Baymann, F., Schoepp-Cothenet, B., Duval, S., Guiral, M., Brugna, M., Baffert, C., et al. (2018). On the natural history of flavin-based electron bifurcation. Front. Microbiol. 9:1357. doi: 10.3389/fmicb.2018.01357

PubMed Abstract | CrossRef Full Text | Google Scholar

Biegel, E., and Müller, V. (2010). Bacterial Na+/-translocating ferredoxin:NAD+/ oxidoreductase. Proc. Natl. Acad. Sci. U.S.A. 107, 18138–18142. doi: 10.1073/pnas.1010318107

PubMed Abstract | CrossRef Full Text | Google Scholar

Boxma, B., Ricard, G., van Hoek, A. H., Severing, E., Moon-van, der Staay, S.-Y., et al. (2007). The [FeFe] hydrogenase of Nyctotherus ovalis has a chimeric origin. BMC Evol. Biol. 7:230. doi: 10.1186/1471-2148-7-230

PubMed Abstract | CrossRef Full Text | Google Scholar

Buckel, W., and Thauer, R. K. (2018). Flavin-based electron bifurcation, a new mechanism of biological energy coupling. Chem. Rev. 118, 3862–3886. doi: 10.1021/acs.chemrev.7b00707

PubMed Abstract | CrossRef Full Text | Google Scholar

Burroughs, A. M., Balaji, S., Iyer, L. M., and Aravind, L. (2007). A novel superfamily containing the beta-grasp fold involved in binding diverse soluble ligands. Biol. Direct. 2:4. doi: 10.1186/1745-6150-2-4

PubMed Abstract | CrossRef Full Text | Google Scholar

Chongdar, N., Pawlak, K., Rüdiger, O., Reijerse, E. J., Rodríguez-Maciá, P., Lubitz, W., et al. (2019). Spectroscopic and biochemical insight into an electron-bifurcating [FeFe] hydrogenase. J. Biol. Inorg. Chem. 25, 135–149. doi: 10.1007/s00775-019-01747-1

PubMed Abstract | CrossRef Full Text | Google Scholar

Crable, B. R., Sieber, J. R., Mao, X., Alvarez-Cohen, L., Gunsalus, R., Ogorzalek Loo, R. R., et al. (2016). Membrane complexes of Syntrophomonas wolfei involved in syntrophic butyrate degradation and hydrogen formation. Front. Microbiol. 7:1795. doi: 10.3389/fmicb.2016.01795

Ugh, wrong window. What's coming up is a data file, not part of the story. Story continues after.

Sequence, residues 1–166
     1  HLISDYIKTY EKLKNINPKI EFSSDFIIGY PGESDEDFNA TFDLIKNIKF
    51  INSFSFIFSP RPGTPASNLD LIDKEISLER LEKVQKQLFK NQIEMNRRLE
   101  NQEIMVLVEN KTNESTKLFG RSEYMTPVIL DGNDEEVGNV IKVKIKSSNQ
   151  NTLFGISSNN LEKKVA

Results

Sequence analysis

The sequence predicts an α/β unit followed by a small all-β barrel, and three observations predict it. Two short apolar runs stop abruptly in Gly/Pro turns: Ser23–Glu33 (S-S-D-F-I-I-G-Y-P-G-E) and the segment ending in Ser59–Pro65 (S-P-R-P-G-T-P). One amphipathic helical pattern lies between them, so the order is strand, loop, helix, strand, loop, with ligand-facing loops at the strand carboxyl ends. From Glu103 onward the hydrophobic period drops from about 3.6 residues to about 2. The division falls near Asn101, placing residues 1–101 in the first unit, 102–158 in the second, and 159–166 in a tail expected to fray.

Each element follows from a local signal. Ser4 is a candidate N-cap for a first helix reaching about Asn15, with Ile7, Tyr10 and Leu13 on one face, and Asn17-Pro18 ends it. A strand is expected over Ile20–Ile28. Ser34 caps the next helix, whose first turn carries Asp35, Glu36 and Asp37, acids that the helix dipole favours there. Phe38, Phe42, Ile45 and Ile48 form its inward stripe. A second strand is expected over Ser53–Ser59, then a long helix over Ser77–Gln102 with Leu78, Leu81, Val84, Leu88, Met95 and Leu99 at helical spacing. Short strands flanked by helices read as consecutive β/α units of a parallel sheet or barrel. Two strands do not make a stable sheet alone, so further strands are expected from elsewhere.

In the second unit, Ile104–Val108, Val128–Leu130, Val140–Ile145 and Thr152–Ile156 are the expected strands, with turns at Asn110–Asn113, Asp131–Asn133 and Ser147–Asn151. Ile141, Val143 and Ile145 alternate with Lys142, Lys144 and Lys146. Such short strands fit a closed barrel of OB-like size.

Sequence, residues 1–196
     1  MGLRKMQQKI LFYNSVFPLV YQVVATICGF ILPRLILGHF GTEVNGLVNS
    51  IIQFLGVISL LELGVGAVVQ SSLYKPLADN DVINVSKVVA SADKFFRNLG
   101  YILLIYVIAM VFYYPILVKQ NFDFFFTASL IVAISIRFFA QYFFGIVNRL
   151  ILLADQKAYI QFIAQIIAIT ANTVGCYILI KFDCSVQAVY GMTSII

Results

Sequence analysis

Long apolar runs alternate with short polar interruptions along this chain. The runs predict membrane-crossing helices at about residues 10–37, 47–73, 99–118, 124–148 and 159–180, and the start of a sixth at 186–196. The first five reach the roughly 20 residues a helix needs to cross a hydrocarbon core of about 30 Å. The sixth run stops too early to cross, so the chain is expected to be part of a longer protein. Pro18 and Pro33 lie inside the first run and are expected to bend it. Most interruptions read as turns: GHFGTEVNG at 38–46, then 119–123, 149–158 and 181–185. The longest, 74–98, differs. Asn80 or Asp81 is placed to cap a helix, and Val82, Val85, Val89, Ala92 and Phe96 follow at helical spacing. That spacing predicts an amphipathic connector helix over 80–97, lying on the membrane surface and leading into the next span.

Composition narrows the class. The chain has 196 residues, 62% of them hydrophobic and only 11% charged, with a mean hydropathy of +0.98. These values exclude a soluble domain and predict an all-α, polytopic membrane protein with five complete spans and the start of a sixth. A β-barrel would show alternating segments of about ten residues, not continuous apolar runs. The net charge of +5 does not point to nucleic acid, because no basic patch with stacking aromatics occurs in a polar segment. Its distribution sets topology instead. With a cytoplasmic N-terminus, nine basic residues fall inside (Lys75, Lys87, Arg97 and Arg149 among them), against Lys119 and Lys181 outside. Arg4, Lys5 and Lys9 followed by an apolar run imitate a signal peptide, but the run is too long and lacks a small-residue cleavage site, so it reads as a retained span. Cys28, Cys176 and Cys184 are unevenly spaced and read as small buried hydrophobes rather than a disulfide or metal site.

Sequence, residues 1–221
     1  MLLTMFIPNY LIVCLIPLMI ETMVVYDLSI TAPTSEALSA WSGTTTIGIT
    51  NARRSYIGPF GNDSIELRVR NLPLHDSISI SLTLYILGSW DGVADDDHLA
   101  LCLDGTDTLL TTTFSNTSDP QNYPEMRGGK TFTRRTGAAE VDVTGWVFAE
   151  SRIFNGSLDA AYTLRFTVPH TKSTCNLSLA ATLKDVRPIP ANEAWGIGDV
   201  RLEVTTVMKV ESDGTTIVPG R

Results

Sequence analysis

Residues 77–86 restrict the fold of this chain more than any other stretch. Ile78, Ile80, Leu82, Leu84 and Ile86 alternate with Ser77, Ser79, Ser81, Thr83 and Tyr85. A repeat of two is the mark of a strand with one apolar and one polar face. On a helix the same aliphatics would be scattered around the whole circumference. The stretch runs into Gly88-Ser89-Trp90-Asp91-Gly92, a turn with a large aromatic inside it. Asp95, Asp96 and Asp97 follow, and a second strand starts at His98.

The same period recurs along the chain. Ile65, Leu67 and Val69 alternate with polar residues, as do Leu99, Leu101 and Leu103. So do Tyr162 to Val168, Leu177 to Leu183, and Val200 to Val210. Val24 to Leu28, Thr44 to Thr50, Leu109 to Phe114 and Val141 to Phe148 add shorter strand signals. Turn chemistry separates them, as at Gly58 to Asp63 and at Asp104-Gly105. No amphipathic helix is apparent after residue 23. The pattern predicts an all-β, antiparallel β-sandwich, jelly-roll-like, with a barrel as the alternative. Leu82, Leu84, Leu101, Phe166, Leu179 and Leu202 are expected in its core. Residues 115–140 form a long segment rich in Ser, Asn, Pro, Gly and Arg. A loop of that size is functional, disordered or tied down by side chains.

PubMed Abstract | CrossRef Full Text | Google Scholar

Darimont, B., and Sterner, R. (1994). Sequence, assembly and evolution of a primordial ferredoxin from Thermotoga maritima. EMBO J. 13, 1772–1781. doi: 10.1002/j.1460-2075.1994.tb06445.x

PubMed Abstract | CrossRef Full Text | Google Scholar

de Graaf, R. M., Ricard, G., van Alen, T. A., Duarte, I., Dutilh, B. E., Burgtorf, C., et al. (2011). The organellar genome and metabolic potential of the hydrogen-producing mitochondrion of Nyctotherus ovalis. Mol. Biol. Evol. 28, 2379–2391. doi: 10.1093/molbev/msr059

PubMed Abstract | CrossRef Full Text | Google Scholar

Elshahed, M. S., and McInerney, M. J. (2001). Benzoate fermentation by the anaerobic bacterium Syntrophus aciditrophicus in the absence of hydrogen-using microorganisms. Appl. Environ. Microbiol. 67, 5520–5525. doi: 10.1128/AEM.67.12.5520-5525.2001

PubMed Abstract | CrossRef Full Text | Google Scholar

Friedebold, J., and Bowien, B. (1993). Physiological and biochemical characterization of the soluble formate dehydrogenase, a molybdoenzyme from Alcaligenes eutrophus. J. Bacteriol. 175, 4719–4728. doi: 10.1128/jb.175.15.4719-4728.1993

PubMed Abstract | CrossRef Full Text | Google Scholar

Fuchs, G., Boll, M., and Heider, J. (2011). Microbial degradation of aromatic compounds — from one strategy to four. Nat. Rev. Microbiol. 9:803. doi: 10.1038/nrmicro2652

PubMed Abstract | CrossRef Full Text | Google Scholar

Gijzen, H. J., Broers, C. A., Barughare, M., and Stumm, C. K. (1991). Methanogenic bacteria as endosymbionts of the ciliate Nyctotherus ovalis in the cockroach hindgut. Appl. Environ. Microbiol. 57, 1630–1634. doi: 10.1128/aem.57.6.1630-1634.1991